SOUTH SUDAN—Water-borne illness is the result of 3.4 million deaths worldwide each year, according to the World Health Organization, and one such crippling disease is almost the second of any disease, after small pox, to be eradicated.
Guinea worm disease or Dracunculiasis, while rarely fatal, has crippling effects on those harboring the roundworm. Larvae riding the backs of water fleas are ingested, generally migrate to the lower extremities and eventually emerge through the skin between 10 and 14 months later, according to WHO.
The results are painful blisters or swelling where the female worms, which can measure anywhere from 60 to 100 centimeters long, burst through the skin. The host is often bed ridden as a result of the pain.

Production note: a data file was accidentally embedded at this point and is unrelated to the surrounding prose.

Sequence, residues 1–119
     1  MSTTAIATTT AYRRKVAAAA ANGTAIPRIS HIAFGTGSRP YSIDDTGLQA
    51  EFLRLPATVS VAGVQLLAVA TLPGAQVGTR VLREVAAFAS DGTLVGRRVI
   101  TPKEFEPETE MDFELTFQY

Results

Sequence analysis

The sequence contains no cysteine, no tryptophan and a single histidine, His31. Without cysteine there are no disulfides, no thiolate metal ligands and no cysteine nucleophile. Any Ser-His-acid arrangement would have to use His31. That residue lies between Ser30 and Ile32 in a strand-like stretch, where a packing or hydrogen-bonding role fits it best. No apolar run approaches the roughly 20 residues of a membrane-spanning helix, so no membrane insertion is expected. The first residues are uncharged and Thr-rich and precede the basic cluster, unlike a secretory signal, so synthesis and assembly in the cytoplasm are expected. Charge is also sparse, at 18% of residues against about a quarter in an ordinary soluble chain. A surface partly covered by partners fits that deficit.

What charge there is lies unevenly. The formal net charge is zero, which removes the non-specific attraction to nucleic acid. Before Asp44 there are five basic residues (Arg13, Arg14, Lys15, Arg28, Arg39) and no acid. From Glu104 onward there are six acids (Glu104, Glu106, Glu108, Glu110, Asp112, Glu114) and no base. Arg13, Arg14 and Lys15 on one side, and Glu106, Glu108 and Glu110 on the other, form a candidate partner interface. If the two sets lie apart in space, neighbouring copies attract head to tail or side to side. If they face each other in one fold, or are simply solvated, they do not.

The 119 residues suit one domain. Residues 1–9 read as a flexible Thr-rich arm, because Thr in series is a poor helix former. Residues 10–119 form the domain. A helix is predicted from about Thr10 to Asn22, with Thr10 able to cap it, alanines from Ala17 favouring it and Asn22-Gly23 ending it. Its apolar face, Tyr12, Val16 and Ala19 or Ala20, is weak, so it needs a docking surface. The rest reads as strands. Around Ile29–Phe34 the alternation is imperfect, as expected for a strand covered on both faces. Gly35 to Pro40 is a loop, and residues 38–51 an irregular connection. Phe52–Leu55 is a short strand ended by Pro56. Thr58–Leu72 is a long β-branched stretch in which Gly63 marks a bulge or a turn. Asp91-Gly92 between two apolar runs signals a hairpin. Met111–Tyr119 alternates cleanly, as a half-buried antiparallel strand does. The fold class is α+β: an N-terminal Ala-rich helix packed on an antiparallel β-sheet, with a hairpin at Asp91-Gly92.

In the mid-1980s, 3.5 million cases of Guinea worm disease were reported in 20 countries, 16 in Africa alone.
A report from the United Nations states four out of every 10 people do not have access to clean water, a problem specific to Africa and Asia.
The most recent figures in 2011 showed an approximate 99 percent decrease, down to 1,058 cases, compared with two decades ago and the only reported cases to date have been in Chad, Ethiopia, Mali and South Sudan.
South Sudan, however, represents 97 percent of the reported cases today, accounting for 1,028 of the cases reported in 2011, according to figures from the Carter Center.
The Carter Center has been at the helm of guinea worm disease eradication since its inception in 1986 by former U.S. president Jimmy Carter.
“We are approaching the demise of the last guinea worm who will ever live on earth,” [sic] Carter said.
WHO’s Collaborating Center for Research, Training and Eradication of Dracunculiasis recently reported that as of June 2012, the number of reported cases between January and May was down 57 percent from numbers taken from the same period in 2011.
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